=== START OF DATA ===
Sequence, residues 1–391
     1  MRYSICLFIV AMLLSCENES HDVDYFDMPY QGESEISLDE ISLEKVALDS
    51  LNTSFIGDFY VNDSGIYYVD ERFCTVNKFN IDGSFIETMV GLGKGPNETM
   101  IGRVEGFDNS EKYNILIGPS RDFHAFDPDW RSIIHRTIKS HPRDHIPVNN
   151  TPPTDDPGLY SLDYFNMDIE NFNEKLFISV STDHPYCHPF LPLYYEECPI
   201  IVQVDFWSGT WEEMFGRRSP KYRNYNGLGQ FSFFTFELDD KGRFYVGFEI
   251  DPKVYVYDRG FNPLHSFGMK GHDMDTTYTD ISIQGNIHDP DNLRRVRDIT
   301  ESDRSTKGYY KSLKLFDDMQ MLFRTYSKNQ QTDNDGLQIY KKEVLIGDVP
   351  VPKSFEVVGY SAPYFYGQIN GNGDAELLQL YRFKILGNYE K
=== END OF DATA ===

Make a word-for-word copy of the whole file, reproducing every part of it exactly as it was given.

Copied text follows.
Sequence, residues 1–391
     1  MRYSICLFIV AMLLSCENES HDVDYFDMPY QGESEISLDE ISLEKVALDS
    51  LNTSFIGDFY VNDSGIYYVD ERFCTVNKFN IDGSFIETMV GLGKGPNETM
   101  IGRVEGFDNS EKYNILIGPS RDFHAFDPDW RSIIHRTIKS HPRDHIPVNN
   151  TPPTDDPGLY SLDYFNMDIE NFNEKLFISV STDHPYCHPF LPLYYEECPI
   201  IVQVDFWSGT WEEMFGRRSP KYRNYNGLGQ FSFFTFELDD KGRFYVGFEI
   251  DPKVYVYDRG FNPLHSFGMK GHDMDTTYTD ISIQGNIHDP DNLRRVRDIT
   301  ESDRSTKGYY KSLKLFDDMQ MLFRTYSKNQ QTDNDGLQIY KKEVLIGDVP
   351  VPKSFEVVGY SAPYFYGQIN GNGDAELLQL YRFKILGNYE K